Antibiotics 'Not Needed' for Common Ear Infection

Peter Russell

September 22, 2017

Parents who take a poorly child to the GP with a common ear infection should not expect a course of antibiotics, says the health watchdog.

Draft guidance from the National Institute for Health and Care Excellence (NICE) says treating pain with over-the-counter painkillers such as paracetamol and ibuprofen is a better alternative in most cases of middle ear infection.


The condition, known as otitis media, causes painful inflammation and a build-up of fluid behind the eardrum and is commonly experienced by children and young people. It is estimated that around 1 in every 4 children have at least one middle ear infection by the time they are 10.

Symptoms typically last for 3 days but can continue for 7 to 8 days in some cases.

After reviewing the available evidence, NICE found that around 60% of children with symptoms of a middle ear infection show signs of improvement, including less pain, within 24 hours, even if they have not been prescribed antibiotics.

Antibiotic Resistance

Professor Gillian Leng, deputy chief executive and director of health and social care at NICE, says in a statement: "We are all too well aware of the dangers we are facing with antibiotic resistance, so it is vital these medicines are only used when they are effective.

"The evidence shows antibiotics are not needed by most children and young people with middle ear infections. We must make sure the people who need them are given them, but routine prescribing in all cases isn’t appropriate."

The guidelines say antibiotics should remain an option in some cases, including when symptoms don't improve after 3 days or when a burst eardrum leads to a discharge of fluid.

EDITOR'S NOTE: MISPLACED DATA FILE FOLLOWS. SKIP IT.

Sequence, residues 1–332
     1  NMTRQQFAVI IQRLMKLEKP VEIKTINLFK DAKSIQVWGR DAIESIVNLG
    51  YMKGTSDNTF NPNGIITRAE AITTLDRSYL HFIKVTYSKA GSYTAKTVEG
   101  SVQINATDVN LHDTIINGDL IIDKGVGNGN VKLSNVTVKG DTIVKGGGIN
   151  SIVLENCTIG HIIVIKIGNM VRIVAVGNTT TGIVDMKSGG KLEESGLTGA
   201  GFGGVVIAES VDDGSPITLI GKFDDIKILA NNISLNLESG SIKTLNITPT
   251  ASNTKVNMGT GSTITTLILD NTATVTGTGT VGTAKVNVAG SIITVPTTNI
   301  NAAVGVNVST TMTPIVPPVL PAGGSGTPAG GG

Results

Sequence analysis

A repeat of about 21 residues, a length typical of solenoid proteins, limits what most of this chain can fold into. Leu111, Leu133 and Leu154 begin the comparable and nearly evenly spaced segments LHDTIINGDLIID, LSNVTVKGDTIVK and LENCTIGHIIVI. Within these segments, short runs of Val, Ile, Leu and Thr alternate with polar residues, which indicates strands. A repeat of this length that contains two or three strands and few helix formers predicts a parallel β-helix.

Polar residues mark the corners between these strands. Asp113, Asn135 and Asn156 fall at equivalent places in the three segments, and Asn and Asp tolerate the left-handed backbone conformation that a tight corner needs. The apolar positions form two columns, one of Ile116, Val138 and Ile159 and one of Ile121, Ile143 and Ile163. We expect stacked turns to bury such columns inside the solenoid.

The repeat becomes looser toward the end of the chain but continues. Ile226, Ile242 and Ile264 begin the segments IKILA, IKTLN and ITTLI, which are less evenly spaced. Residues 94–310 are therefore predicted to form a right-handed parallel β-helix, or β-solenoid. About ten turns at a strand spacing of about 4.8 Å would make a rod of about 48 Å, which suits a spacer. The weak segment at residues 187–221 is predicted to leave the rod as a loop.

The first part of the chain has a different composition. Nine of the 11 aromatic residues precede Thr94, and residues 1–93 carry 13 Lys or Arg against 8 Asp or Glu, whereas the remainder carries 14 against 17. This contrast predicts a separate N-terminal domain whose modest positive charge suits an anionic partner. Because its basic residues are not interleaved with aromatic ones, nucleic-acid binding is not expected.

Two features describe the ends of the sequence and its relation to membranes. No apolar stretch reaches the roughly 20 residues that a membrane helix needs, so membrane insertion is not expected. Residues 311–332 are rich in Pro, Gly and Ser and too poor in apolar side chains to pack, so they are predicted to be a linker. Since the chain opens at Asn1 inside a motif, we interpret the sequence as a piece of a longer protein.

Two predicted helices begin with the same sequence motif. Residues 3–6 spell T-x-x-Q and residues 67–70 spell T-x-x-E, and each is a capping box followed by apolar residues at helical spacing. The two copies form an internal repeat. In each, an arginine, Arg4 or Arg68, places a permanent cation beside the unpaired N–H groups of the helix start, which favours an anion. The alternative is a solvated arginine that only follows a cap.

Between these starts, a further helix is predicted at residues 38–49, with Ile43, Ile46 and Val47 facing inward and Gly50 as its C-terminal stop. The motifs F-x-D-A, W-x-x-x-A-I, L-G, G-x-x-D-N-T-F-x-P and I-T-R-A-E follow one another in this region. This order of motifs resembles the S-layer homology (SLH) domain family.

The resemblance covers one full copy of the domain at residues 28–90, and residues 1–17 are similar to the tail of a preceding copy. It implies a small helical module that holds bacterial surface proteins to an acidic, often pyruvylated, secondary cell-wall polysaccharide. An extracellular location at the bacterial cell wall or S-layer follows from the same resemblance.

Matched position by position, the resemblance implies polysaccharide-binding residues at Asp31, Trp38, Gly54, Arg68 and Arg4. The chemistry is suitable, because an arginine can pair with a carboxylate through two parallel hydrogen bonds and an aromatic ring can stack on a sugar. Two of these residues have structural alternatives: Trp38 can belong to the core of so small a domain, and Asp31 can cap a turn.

Dr Tessa Lewis, chair of the managing common infections guidance committee, says in a statement: "Many toddlers and children with this type of ear infection will get better within a few days by managing their pain with paracetamol or ibuprofen at home. It's important that they receive the right dose of painkiller at the right time.

"If they don’t improve within a few days, the draft guidance advises GPs consider a back-up antibiotic prescription. This approach should help reduce the over-use of antibiotics for this common ear infection."


Responding to the new draft guidelines, Professor Helen Stokes-Lampard, chair of the Royal College of GPs, says in a statement: "Ear infections can be horrible – and distressing, particularly for children and parents whose children are in pain – but they usually clear up on their own without antibiotics, so we welcome this draft NICE guidance today.

"GPs are making great strides in reducing prescriptions for antibiotics for many conditions, so it's important that we get the message out to patients that antibiotics are not always the answer to minor, self-limiting conditions such as ear infections, colds and sore throats.

"Growing resistance to antibiotics is a major global threat – and these important drugs must be used appropriately in order to minimise this, and to ensure that antibiotics continue to work when people really need them, now and in the future.

"If symptoms do persist for more than a few days, we would continue to encourage patients to seek advice from their pharmacist or GP – and this draft guidance retains the option of providing antibiotics as a back-up treatment in these circumstances."

The draft guidance is out for consultation until 19th October.


National Institute for Health and Care Excellence (NICE)

Royal College of GPs


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